Questions and AnswersVideosLinksBook Reviews
Related Topics

Child & Adolescent Development: Overview
Childhood Mental Disorders and Illnesses
Internet Addiction and Media Issues
Child Development & Parenting: Middle (8-11)
Child Development Theory: Adolescence (12-24)

Race May Play Role in Obese Teens' Blood Pressure

HealthDay News
by By Amy Norton
HealthDay Reporter
Updated: Apr 10th 2017

new article illustration

MONDAY, April 10, 2017 (HealthDay News) -- Obese teenagers are at increased risk of high blood pressure, but the effects of those extra pounds may vary by race and ethnicity, a new study suggests.

Researchers found that obesity had a bigger impact on blood pressure of Hispanic and white teens, compared to their black and Asian peers. It appeared to raise their risk of high blood pressure by four to six times.

Pediatric experts said the impact on Hispanic teenagers was striking.

Normal-weight Hispanic kids had a low rate of high blood pressure, at just over 1 percent. That shot up to nearly 8 percent among those who were obese.

"That's a little scary," said Dr. Joseph Mahgerefteh, a pediatric cardiologist at Children's Hospital at Montefiore in New York City.

Mahgerefteh, who was not involved in the research, said the study was well done, and gives pediatricians useful information.

High blood pressure at a young age can set the stage for serious health problems in adulthood, including stroke and heart disease.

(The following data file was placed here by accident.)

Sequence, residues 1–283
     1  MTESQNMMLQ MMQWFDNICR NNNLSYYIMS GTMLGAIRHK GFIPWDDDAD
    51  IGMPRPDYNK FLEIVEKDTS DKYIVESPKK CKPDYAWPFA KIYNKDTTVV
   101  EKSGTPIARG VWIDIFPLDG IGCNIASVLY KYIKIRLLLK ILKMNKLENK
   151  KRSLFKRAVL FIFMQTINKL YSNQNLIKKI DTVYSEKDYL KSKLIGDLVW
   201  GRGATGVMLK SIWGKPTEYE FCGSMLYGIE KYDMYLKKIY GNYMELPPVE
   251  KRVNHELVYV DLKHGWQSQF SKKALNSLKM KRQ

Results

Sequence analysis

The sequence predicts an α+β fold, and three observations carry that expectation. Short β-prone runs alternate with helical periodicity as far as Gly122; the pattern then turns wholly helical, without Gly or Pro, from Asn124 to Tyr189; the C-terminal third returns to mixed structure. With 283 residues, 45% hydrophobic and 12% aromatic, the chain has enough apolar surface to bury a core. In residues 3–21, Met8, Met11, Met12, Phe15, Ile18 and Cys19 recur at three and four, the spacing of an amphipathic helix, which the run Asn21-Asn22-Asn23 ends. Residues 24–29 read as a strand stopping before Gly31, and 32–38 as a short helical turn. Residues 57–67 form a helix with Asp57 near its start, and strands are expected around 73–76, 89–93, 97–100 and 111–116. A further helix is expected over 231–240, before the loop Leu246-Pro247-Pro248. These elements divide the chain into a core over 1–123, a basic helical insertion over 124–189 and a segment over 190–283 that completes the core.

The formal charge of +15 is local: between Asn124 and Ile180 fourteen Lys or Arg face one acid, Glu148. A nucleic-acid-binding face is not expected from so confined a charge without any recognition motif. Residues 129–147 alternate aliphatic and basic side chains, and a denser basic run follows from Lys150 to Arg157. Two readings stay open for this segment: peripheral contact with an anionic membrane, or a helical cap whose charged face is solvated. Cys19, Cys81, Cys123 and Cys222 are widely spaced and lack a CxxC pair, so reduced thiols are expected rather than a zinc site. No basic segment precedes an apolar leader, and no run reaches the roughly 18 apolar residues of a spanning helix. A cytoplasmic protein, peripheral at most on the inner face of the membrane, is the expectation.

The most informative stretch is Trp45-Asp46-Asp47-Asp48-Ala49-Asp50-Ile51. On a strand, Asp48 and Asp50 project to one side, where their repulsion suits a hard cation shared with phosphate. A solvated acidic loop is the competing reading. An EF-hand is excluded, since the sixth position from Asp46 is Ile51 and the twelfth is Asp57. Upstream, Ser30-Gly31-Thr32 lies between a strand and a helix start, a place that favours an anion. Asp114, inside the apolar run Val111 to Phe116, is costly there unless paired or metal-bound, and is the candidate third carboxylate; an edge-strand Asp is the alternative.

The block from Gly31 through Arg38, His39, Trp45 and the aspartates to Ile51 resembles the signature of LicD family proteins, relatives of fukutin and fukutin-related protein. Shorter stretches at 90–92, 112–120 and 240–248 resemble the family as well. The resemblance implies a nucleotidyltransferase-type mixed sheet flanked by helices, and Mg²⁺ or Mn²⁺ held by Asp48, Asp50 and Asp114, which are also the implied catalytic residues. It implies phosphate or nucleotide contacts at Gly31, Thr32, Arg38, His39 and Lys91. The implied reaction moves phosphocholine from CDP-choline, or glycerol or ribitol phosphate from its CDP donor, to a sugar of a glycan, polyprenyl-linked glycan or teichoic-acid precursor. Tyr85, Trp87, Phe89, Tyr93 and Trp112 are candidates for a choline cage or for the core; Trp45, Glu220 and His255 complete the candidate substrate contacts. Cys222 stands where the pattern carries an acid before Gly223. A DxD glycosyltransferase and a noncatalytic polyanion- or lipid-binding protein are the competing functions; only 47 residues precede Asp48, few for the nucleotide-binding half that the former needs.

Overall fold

All children should have their blood pressure checked at routine doctor visits, starting at age 3, said Dr. Joshua Samuels, the senior researcher on the study.

"But you may want to have your searchlight on a little brighter" when a child is obese, said Samuels, a professor at the University of Texas Health Science Center at Houston.

Doctors should also be aware that obesity can have a particularly strong effect on Hispanic kids' blood pressure, said Samuels.

Doctors have known for years that obese kids are at increased risk of high blood pressure, Samuels noted. But the role of race and ethnicity has been unclear, he added.

So Samuels' team studied a diverse group of more than 21,000 Houston adolescents who had their blood pressure screened at school.

Overall, almost 3 percent were diagnosed with high blood pressure -- after showing persistently high readings at three screenings.

Hispanic kids had the highest rate, at just over 3 percent. They also had the highest obesity rate, at 23 percent, the findings showed.

At the other end of the spectrum, Asians had the lowest rates of high blood pressure (1.7 percent) and obesity (10 percent).

In general, the study found, excess weight was linked to a raised risk of high blood pressure across all racial and ethnic groups.